The Senate Finance Committee was to meet yesterday to consider the tax status of the American Association of Retired Persons. Senator Simpson is pushing to remove the group's nonprofit status. Senator Dole, meanwhile, assured nursing-home owners that Congress will ease up on regulations.
Republicans said a bill approved by the House Ways and Means Committee Tuesday will plug a loophole that has allowed a handful of wealthy people to avoid taxes by renouncing their citizenship. Congressman Archer's measure would require expatriates with a net worth of $500,000 or more to pay taxes on capital gains and other income from US-based assets for 10 years after they renounce their citizenship.
Business inventories rose 0.8 percent in April, the 13th straight gain, as big-ticket, long-lasting goods continued to pile up in stores and warehouses. The Commerce Department also reported that sales fell 0.4 percent in April after dropping 0.1 percent the previous month.
The "don't ask, don't tell" policy on gays in the military is an appropriate and constitutional attempt to preserve military readiness, a federal judge ruled. He threw out the case of a homosexual who is being forced out of the Navy.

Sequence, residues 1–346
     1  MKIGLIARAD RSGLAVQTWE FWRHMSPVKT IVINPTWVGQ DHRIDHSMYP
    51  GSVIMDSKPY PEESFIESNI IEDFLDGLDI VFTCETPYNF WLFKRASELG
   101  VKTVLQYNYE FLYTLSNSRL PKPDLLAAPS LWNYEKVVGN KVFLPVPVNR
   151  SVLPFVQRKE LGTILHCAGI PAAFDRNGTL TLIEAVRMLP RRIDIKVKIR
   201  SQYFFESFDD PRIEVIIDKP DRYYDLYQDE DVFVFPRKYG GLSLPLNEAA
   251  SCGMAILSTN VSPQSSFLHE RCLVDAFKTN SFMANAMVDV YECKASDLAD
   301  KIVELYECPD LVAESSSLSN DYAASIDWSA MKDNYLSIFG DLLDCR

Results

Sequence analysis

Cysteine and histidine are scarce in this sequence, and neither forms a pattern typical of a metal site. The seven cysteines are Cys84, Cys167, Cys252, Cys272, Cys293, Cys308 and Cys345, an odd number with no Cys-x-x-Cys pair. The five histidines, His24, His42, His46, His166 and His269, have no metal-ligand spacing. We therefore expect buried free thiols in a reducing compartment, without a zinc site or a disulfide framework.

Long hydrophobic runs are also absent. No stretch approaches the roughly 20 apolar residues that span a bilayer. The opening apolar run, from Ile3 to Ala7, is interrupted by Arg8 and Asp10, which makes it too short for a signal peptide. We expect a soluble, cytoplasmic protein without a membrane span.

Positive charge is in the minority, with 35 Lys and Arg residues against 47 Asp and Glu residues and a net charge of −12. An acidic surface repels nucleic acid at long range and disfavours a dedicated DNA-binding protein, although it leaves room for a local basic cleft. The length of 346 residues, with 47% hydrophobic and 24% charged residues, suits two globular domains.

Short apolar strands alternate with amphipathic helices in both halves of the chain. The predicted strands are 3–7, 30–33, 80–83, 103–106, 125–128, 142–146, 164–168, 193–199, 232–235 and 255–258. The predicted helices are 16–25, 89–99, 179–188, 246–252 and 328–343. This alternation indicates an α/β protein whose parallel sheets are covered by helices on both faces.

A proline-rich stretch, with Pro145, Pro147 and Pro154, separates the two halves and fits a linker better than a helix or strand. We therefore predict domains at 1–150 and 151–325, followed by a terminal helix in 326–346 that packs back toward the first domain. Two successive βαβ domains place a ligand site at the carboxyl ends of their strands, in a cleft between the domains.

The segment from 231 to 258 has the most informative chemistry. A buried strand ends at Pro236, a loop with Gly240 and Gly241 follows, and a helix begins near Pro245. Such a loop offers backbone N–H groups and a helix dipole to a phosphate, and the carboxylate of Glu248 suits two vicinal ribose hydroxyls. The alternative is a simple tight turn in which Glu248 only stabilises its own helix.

The ranks of union leaders backing a slate of opposition candidates for the AFL-CIO's top offices grew to 27, and the challengers claimed enough support to take control of the federation.
The Supreme Court ruled yesterday that people must pay income taxes on back pay and damages they are awarded on claims of workplace age discrimination. The high court also said maritime employees can be "seamen" eligible for more-generous disability benefits even if they don't spend most of their working hours aboard ship. The court ruled that Oklahoma cannot, under current state law, tax gasoline sold by Indian tribes to non-Indians. The high court ruled that someone can be charged with a criminal offense even if that same conduct was previously used to stiffen his sentence for another crime.